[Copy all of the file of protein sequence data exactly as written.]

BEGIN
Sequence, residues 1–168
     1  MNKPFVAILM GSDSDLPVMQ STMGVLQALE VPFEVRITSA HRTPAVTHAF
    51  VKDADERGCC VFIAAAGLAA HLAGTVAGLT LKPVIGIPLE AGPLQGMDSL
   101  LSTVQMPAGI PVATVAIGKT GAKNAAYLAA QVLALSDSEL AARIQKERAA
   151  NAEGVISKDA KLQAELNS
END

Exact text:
Sequence, residues 1–168
     1  MNKPFVAILM GSDSDLPVMQ STMGVLQALE VPFEVRITSA HRTPAVTHAF
    51  VKDADERGCC VFIAAAGLAA HLAGTVAGLT LKPVIGIPLE AGPLQGMDSL
   101  LSTVQMPAGI PVATVAIGKT GAKNAAYLAA QVLALSDSEL AARIQKERAA
   151  NAEGVISKDA KLQAELNS